When presented with a new experience that inherently provokes emotion one can quickly switch from just thinking to thinking about what one should be thinking. This, in turn, can devolve into a bathetic display of crafted emotionalism rather than actual expression. For those who wonder, I felt sad. I thought I should feel some sense of anger, as the poison of old memories was dredged up through the telephone, and I tried to gin up some truculence for good measure. It didn’t really work. Then I thought I should feel some great sense of loss. But I hadn’t really lost anything other than an unexercised expiring option, that is, the perceived option to “reconnect.” Options are not worthless, however, and it is the loss of the option that leaves the hole. But it is mishandled filial duty that caused my sadness. Christ commanded that it is the aggrieved party that has the responsibility reconcile, not the instigator. There is no doubt but that I have sin in that regard: sin that I had pride in, actually. Is that two separate sins, or just one? So if the sadness is over the lost option, and the option is lost due to my own sin, then perhaps my sadness is a mourning of sin, which would ironically be in accordance with the implied command to mourn our sin contained in the Sermon on the Mount. Hopefully, there’s truth to that, as the mere knowledge of that would be comforting.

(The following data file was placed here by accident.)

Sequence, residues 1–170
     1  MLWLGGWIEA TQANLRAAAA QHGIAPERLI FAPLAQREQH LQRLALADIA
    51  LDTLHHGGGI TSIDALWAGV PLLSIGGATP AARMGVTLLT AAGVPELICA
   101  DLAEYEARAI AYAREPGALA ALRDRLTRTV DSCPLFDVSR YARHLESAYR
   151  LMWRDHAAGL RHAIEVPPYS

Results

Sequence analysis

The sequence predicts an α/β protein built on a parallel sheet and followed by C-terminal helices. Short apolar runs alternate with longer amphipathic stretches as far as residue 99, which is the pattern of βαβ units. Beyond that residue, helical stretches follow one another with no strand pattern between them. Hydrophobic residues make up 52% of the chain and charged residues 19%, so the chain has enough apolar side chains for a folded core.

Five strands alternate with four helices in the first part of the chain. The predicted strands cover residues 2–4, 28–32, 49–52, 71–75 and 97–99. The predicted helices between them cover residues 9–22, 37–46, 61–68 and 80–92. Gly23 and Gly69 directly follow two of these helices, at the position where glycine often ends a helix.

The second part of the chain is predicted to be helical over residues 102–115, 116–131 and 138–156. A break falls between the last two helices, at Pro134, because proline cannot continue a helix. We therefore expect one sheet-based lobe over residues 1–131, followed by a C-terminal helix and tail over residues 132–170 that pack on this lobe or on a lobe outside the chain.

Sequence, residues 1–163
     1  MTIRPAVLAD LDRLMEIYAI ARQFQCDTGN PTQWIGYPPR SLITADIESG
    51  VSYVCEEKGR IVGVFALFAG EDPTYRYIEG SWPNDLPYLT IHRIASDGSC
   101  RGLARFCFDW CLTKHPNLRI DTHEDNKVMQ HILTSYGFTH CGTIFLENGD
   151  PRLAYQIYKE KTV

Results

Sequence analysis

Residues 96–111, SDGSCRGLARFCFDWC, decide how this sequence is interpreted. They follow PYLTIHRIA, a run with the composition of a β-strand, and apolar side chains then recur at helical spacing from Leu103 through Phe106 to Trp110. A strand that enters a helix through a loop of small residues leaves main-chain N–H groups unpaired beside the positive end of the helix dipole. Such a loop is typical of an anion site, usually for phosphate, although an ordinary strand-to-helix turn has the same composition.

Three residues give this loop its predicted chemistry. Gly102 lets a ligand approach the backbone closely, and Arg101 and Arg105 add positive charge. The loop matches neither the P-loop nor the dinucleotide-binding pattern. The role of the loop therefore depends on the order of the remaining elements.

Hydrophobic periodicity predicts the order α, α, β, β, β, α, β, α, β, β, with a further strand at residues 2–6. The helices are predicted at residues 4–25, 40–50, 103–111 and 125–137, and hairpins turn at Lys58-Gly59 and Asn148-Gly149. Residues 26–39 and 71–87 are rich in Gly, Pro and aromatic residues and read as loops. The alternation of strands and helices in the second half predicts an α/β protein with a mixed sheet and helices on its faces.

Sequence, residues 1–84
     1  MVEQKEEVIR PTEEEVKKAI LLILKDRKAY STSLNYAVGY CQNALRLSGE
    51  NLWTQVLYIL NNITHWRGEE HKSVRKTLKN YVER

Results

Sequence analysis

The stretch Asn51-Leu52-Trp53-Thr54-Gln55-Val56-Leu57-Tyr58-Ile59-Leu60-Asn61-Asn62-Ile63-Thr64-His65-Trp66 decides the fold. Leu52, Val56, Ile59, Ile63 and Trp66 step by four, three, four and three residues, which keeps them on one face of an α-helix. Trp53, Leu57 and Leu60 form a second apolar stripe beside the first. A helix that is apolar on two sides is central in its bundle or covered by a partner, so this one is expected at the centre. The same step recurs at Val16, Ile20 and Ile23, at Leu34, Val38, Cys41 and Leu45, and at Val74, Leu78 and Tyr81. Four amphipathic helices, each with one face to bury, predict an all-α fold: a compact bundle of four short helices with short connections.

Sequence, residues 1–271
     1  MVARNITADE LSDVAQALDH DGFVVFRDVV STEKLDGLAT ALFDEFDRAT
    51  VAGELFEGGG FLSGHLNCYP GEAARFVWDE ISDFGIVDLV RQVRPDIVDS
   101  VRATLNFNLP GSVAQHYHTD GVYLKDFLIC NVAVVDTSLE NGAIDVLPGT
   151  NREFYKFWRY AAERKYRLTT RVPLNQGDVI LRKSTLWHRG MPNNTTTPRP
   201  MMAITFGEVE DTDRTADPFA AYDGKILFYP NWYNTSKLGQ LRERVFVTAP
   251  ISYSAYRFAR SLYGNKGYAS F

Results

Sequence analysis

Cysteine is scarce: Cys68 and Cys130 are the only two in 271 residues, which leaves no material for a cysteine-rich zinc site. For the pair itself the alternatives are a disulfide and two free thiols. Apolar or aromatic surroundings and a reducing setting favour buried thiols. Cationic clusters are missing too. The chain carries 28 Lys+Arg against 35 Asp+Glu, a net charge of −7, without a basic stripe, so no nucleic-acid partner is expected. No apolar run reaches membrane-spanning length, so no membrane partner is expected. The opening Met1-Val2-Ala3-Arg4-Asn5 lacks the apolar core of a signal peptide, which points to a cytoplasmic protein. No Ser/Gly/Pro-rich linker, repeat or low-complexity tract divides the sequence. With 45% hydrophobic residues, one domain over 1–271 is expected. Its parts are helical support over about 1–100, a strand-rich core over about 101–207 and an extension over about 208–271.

He owed me nothing. Whatever obligations nature imposes on a biological father were long ago transferred to my stepfather, whom I affectionately call “Dad” and “Pop.” He’s the one who taught me to ride a bicycle, throw a football, and make funny noises with my hand in my armpit. Nevertheless, it is difficult to read that “Michael Shane McGuire” doesn’t acknowledge a son by his same name. I would understand a provision stating, “I intentionally make no provision for my son, Michael Shane McGuire, whom I have not seen since 1993.” That would at least have averred to my existence and proffered a reasonable explanation for the will’s contents.